Keating Just Keeps on Giving it to Us! By James Reed

     Does this nightmare ever end? I look at my very favourite capitalist paper, the FIN, and there is Keating doing what he does best.

“A HECS-style loan system should be introduced to help fund Australians' aged care, former prime minister Paul Keating says. People would be given credits towards their aged care and their estate then used to pay off the loans after they died, Mr Keating told the Royal Commission into Aged Care Quality and Safety. "We're not forcing anyone out of their home in old age, we're not obliging an aged person to negatively mortgage their home," he said on Monday. "You're not asking members of families to chip in and pay for their relatives. I think such a system has a lot of advantages." The latest round of royal commission hearings is looking at funding and prudential regulation in the aged care sector. Senior counsel assisting Peter Gray, QC, told commissioners that aged care providers were not required to report how much they were actually spending on care. Commissioner Tony Pagone asked Mr Keating if his HECS-style proposal could be seen as a death tax by requiring people to pay off their loans with their assets. "Putting on my former hat as a tax lawyer, I can see lots of people trying to make sure they don't have the assets there that can be called upon," Mr Pagone said. Mr Keating said the government would have to introduce policies to make sure that didn't happen. Similar to HECS, Mr Keating said the loan would not have to be repaid if it couldn't, like university students who never meet the income threshold to start paying off their debt. Brick and mortar assets, superannuation, cash and other investments would all be called upon after the person died to pay off the loan, he said. "In such a proposition you couldn't think of much political opposition from any quarter," Mr Keating said. The former prime minister, the man behind Australia's compulsory superannuation, said he changed his thinking on his previously proposed "longevity levy". The levy would tack 0.5 per cent to 1 per cent extra on to super payments to fund an insurance scheme for Australians once they passed their mid-80s.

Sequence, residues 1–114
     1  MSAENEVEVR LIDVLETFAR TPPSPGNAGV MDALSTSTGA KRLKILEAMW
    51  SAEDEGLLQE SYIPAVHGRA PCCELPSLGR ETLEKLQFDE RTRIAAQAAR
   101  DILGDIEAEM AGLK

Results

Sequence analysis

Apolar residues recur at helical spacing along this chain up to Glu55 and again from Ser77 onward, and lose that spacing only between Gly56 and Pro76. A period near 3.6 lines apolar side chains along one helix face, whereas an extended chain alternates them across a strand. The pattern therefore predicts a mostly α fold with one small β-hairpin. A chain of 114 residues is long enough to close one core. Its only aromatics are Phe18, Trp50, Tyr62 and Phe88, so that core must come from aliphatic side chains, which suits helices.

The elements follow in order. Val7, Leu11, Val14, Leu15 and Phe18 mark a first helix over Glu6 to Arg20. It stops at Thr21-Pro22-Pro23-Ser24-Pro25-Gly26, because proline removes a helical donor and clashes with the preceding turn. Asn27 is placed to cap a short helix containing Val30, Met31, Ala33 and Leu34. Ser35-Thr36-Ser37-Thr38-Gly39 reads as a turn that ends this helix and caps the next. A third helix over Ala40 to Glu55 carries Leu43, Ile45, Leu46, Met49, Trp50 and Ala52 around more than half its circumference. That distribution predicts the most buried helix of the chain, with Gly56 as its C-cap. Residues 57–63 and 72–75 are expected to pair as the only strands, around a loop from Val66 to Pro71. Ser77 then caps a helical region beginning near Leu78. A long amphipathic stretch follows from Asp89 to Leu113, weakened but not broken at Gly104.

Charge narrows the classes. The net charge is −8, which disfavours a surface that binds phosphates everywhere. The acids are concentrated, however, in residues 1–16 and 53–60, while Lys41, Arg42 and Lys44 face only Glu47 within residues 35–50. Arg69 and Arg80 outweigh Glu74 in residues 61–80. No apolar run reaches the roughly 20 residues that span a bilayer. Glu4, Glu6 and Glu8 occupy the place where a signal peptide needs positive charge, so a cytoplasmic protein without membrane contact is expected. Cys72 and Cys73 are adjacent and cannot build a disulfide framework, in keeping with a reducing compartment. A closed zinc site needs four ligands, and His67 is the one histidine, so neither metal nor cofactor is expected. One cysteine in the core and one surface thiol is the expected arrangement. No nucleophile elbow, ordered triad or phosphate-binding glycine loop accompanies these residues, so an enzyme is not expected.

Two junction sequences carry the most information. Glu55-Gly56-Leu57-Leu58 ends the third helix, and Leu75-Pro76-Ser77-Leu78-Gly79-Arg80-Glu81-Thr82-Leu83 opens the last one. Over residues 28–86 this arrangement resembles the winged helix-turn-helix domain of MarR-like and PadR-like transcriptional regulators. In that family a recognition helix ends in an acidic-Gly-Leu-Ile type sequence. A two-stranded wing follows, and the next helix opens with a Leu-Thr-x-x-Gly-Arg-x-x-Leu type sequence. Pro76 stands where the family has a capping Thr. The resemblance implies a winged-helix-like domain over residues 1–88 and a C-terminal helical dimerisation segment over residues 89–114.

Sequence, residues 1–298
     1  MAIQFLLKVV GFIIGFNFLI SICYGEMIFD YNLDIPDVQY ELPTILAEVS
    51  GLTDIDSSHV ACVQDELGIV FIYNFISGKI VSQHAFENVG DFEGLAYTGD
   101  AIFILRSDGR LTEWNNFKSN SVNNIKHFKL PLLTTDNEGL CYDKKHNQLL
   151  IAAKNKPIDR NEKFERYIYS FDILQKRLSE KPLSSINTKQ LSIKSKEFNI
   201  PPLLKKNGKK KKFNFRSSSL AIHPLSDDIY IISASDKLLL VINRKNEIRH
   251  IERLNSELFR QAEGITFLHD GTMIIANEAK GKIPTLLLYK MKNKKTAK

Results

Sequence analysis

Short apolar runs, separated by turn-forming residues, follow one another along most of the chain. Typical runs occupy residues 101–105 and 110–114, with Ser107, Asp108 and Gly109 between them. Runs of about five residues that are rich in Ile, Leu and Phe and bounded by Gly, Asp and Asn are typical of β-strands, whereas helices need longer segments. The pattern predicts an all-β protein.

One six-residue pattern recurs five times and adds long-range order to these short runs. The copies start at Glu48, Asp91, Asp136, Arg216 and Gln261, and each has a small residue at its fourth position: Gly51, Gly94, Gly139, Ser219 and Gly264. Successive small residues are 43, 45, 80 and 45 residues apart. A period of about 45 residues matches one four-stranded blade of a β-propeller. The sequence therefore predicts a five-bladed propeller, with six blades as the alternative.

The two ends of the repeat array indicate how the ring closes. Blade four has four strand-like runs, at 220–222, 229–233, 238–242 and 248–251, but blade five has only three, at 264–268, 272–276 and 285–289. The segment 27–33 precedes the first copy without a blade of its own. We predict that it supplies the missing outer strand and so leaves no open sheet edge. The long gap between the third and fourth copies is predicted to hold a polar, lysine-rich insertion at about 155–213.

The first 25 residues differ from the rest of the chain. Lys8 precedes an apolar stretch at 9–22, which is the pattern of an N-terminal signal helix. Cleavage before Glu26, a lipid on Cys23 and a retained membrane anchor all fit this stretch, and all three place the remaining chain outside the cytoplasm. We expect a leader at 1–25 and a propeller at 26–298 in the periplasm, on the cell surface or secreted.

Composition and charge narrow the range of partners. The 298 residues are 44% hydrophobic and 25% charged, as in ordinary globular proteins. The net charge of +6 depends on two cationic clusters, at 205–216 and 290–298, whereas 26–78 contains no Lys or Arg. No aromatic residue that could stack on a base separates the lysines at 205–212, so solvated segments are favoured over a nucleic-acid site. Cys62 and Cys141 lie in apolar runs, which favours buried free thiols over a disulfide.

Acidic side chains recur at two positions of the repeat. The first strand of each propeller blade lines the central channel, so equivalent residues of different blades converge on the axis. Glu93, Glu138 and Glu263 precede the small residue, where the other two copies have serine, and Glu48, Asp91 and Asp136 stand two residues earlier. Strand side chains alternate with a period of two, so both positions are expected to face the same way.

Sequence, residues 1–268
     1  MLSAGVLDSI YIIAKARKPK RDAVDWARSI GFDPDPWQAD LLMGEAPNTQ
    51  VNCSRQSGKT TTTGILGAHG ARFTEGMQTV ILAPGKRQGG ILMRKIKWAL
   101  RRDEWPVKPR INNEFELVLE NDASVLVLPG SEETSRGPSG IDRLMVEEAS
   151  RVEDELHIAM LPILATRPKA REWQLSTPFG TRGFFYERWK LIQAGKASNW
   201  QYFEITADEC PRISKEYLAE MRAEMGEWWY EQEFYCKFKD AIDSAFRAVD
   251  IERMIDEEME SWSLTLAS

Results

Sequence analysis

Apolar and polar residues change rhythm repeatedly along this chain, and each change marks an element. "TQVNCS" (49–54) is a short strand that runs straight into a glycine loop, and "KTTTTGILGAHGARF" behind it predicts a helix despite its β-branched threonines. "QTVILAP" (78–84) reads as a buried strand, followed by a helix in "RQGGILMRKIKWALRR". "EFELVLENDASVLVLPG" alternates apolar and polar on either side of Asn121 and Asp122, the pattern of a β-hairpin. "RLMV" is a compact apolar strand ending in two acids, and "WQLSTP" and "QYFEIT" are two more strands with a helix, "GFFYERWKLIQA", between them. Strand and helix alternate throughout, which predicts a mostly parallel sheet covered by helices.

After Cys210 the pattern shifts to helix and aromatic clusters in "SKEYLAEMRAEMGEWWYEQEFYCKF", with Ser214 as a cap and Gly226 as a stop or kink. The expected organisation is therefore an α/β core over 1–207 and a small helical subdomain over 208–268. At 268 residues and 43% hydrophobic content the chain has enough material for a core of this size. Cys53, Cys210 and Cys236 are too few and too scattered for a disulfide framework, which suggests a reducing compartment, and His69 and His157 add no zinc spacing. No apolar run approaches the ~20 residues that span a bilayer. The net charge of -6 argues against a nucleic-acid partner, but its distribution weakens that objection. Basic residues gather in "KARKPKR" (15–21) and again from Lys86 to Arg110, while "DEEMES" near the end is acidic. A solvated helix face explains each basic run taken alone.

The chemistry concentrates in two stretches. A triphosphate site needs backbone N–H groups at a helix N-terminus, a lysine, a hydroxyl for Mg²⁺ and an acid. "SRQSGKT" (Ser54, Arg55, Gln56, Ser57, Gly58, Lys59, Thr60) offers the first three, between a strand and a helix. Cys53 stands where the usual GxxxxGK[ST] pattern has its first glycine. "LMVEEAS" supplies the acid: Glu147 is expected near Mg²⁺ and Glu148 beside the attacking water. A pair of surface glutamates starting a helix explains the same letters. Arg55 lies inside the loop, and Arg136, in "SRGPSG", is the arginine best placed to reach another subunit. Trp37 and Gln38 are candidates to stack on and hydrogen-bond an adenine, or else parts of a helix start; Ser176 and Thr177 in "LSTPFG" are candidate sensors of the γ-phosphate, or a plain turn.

We can’t he just go to China and offer his wisdom to them? If you have assets, and don’t want what really looks like a negative mortgage on their home, contrary to old Paul’s denial, then spend some solid bucks and see a good financial planner and a lawyer too, people who specialise in getting around these sorts of things, before your brain gets to my state. I cannot offer financial advice, because not only am I unqualified, but to boot, pretty ignorant on such matters, like the average person. I can offer advice on being an alcoholic, and a general loser, but who wants that; it is like falling off a log, the easiest thing in the world?

     Wow, the pain in my index finger is something else, even the copious quantities of alcohol I have drunk is not taking the edge off the pain. It feels like I am hitting the keys with a slither of glass embedded in my finger tip! Just the tip, not the join, but I can’t see any wound. I asked a homeless person to see if he could see anything in my finger, but he just got aggressive. At least he did not hit me with a bottle, leading to same problem for my head! Looks like I will have to type with one hand, or else do a bit of amateur surgery on my finger:  folks, do not attempt this!



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Saturday, 22 June 2024

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